Make sure to practice anxiolytic activities (e.g., yoga, meditation) and focus on good sleep hygiene to reduce the risks of this incident.

5.     Pay closer attention to your diet

Studies found that eating a healthy diet can actually contribute to the healthy growth of hair follicles. After all, the hairs consist of keratin, which is a protein. To grow these proteins, you need to supply your body with the necessary components.

To get enough essential amino acids, incorporate chicken and salmon into your diet. Moreover, iron is vital for normal beard growth. Just think of how iron deficiency anemia affects hair and nails.

Other crucial foods to include in your diet are:

·  Whole grains – This is a healthy source of good carbs

·  Zinc-rich foods – Examples include nuts and chickpeas

·  Healthy fats – Avocados and dark chocolate

Nourishing your itchy beard with everything they need may reduce the severity of itching or prevent it altogether.

6.     Allow the hairs to grow

During the process of beard hair growth, do not shave or trim it. This will allow the hair to advance beyond the follicle. It will also lower the risk of follicle damage and irritation.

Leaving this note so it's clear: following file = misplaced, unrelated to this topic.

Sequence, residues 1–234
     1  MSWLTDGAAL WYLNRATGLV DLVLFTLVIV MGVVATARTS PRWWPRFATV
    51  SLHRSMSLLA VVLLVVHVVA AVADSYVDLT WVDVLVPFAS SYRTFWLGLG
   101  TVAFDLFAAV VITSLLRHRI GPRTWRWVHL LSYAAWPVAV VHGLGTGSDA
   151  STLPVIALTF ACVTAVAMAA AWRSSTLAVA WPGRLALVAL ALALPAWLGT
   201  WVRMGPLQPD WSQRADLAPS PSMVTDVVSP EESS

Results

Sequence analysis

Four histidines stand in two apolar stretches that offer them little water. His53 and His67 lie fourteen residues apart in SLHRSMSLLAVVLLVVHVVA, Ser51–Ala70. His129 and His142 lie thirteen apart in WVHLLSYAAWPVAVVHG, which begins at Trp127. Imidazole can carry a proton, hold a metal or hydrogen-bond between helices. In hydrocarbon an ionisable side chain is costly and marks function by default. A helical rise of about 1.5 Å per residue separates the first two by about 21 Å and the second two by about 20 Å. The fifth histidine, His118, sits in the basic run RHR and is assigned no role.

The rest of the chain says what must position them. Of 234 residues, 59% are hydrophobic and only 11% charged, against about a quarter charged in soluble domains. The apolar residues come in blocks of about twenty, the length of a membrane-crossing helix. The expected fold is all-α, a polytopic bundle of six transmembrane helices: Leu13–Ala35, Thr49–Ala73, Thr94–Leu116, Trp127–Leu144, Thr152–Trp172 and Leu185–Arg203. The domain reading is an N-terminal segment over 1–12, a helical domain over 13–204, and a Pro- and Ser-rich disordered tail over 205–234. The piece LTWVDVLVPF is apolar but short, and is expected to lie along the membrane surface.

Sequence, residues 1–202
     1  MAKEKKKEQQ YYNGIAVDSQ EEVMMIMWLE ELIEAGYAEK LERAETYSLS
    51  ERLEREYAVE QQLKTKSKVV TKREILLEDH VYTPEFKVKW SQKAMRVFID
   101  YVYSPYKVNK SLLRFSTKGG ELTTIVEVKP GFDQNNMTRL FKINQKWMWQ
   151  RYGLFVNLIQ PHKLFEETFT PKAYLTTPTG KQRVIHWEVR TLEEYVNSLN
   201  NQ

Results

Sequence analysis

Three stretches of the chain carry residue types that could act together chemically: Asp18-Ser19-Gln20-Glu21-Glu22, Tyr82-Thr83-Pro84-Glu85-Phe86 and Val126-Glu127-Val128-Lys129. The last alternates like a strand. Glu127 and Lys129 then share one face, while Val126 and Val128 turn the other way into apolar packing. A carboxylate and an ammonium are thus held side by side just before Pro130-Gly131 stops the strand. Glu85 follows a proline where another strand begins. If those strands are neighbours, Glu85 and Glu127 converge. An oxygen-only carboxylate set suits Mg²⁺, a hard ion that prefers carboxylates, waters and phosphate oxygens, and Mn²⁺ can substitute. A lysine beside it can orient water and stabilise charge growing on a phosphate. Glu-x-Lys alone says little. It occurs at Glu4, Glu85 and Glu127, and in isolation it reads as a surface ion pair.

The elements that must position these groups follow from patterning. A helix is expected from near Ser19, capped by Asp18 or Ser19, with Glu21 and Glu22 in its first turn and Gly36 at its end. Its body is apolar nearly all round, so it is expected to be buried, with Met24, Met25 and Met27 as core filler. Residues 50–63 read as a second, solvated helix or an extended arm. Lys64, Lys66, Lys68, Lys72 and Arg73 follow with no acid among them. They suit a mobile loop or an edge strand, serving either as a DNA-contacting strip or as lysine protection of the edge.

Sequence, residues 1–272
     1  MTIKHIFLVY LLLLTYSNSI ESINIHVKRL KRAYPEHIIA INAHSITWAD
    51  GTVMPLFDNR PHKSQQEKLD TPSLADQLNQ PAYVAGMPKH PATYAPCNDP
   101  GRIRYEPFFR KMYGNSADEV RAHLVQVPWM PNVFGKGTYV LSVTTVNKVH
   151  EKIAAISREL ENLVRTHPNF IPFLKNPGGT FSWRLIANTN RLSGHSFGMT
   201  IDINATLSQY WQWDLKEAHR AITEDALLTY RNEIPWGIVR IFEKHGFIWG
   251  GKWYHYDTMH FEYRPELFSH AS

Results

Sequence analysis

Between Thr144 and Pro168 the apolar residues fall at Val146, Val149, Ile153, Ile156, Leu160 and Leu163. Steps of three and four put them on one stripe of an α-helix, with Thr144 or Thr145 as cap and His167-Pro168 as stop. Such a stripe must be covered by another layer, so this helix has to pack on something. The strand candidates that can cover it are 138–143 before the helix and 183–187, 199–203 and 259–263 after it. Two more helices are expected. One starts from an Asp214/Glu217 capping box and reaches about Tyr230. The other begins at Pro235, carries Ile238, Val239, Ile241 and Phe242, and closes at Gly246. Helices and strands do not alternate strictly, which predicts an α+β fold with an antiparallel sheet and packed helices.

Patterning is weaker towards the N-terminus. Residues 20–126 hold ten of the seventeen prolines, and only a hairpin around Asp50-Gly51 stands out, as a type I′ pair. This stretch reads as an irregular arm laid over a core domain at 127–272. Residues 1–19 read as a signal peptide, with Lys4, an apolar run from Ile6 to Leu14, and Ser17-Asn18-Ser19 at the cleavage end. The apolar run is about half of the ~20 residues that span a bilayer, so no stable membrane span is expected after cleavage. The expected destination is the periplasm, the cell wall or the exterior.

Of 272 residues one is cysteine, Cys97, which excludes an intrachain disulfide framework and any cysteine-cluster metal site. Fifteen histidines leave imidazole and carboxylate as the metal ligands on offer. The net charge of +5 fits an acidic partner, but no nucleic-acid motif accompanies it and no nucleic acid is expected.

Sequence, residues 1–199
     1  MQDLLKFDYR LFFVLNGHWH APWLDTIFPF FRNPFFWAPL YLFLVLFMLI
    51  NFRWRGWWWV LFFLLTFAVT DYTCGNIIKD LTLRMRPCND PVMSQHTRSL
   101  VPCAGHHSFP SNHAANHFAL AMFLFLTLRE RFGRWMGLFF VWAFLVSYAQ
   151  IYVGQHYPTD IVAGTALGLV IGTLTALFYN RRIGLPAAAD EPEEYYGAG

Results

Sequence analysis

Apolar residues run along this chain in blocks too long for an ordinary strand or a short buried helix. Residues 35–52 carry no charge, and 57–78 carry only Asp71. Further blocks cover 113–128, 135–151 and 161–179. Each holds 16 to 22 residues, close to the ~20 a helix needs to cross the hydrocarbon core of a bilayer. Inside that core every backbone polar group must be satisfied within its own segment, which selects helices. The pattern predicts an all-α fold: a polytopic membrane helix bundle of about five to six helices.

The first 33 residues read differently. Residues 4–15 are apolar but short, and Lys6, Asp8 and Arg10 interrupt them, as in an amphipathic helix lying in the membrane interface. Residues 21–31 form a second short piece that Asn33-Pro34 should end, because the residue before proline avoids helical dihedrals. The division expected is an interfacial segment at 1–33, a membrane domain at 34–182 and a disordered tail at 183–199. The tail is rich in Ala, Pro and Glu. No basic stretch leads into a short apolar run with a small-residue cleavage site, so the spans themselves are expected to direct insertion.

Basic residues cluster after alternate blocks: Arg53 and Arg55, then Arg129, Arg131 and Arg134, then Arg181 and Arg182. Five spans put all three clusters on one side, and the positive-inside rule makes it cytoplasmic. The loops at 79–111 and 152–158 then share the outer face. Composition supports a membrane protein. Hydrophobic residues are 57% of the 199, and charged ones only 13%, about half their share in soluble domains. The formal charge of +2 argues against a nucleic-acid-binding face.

Trimming your hair randomly can lead to skin irritation and itching. Only shave your beard hair when it’s absolutely necessary.

In our previous post, we covered the stages of beard growth and how/when should you shave your beard. Check it out here.

7.     Shave properly

We discussed above how improper shaving can trigger beard itching and skin irritation. Doing this while having seborrheic dermatitis can be quite challenging.

Here are some steps to shave your beard properly:

Trim before shaving

If your beard is longer than 2.5 centimeters, make sure to use a hair clipper to remove the tougher hairs. Your next step is to whittle the hair using the trimmer. Once you’re left with the stubble beneath, it will be much easier to shave your beard with a more pointy device.

Reduce your exposure to significant sunlight